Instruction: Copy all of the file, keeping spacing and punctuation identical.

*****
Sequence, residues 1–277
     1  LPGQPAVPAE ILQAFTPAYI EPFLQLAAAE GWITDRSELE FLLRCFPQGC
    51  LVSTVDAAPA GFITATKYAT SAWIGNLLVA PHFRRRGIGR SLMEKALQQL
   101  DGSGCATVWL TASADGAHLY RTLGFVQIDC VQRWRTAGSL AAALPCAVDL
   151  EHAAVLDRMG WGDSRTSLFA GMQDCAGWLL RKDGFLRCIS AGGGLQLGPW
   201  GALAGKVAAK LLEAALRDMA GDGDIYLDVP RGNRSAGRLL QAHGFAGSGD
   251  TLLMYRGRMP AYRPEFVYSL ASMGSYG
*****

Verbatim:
Sequence, residues 1–277
     1  LPGQPAVPAE ILQAFTPAYI EPFLQLAAAE GWITDRSELE FLLRCFPQGC
    51  LVSTVDAAPA GFITATKYAT SAWIGNLLVA PHFRRRGIGR SLMEKALQQL
   101  DGSGCATVWL TASADGAHLY RTLGFVQIDC VQRWRTAGSL AAALPCAVDL
   151  EHAAVLDRMG WGDSRTSLFA GMQDCAGWLL RKDGFLRCIS AGGGLQLGPW
   201  GALAGKVAAK LLEAALRDMA GDGDIYLDVP RGNRSAGRLL QAHGFAGSGD
   251  TLLMYRGRMP AYRPEFVYSL ASMGSYG